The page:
Although U.S. higher education has faced numerous crises and dilemmas in its history, the situation in which colleges and universities find themselves at the moment is indeed different. Shrinking public subsidies coupled with historic rises in tuitions come at the same time that colleges and universities have been tasked to dramatically increase the number of individuals with postsecondary degrees. Additionally, many of these students need financial aid, putting further strains on the higher education system. The stratification between rich and poor institutions in their access to resources is also growing. These conditions make the current “cost model” under which higher education has typically operated no longer sustainable and have led to college and university leaders examining alternative ways to deliver both high-quality and affordable higher education. These alternatives incorporate technology and include access to distance-delivered education and services, a focus on learners’ outcomes rather than inputs, and technologically sophisticated buildings and classrooms.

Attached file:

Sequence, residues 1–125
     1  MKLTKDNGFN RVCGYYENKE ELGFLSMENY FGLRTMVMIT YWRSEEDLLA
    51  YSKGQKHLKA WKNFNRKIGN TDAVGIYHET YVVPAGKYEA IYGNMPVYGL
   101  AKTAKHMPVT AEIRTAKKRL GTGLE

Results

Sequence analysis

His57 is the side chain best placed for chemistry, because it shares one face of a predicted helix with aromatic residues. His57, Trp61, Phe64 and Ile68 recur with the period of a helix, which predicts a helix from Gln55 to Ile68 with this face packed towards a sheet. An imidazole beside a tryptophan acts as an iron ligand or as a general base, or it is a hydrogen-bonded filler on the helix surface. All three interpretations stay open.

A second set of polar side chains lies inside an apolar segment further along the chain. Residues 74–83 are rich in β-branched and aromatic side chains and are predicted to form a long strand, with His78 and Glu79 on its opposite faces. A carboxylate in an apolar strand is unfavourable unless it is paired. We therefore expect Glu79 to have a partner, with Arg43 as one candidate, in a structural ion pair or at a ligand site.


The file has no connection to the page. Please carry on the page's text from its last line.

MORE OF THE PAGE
The changes are welcome and largely overdue in much of higher education, but unless the use of technology, whether in instruction or in the operation of the institution, is guided by an understanding of higher education costs and cost structures, its use will not fix the problem of a broken higher education cost model. This problem is not confined to the way that instruction is funded and delivered; rather, it is much broader, including the costs of academic and administrative overhead and the largely unexamined “fixed costs” that drive so much of institutional spending. To implement technological innovations that can improve both efficiency and effectiveness, leaders must be guided in their efforts by a strong understanding of the impact of the innovations on both costs and revenues, as well as on learning outcomes. Without this understanding, leaders are likely to follow the usual model of innovation in higher education: implementing program add-ons, which are sometimes successful and sometimes not but which inevitably increase costs rather than replacing or reducing them and ultimately fail to take hold in ways that will leverage systemic improvements.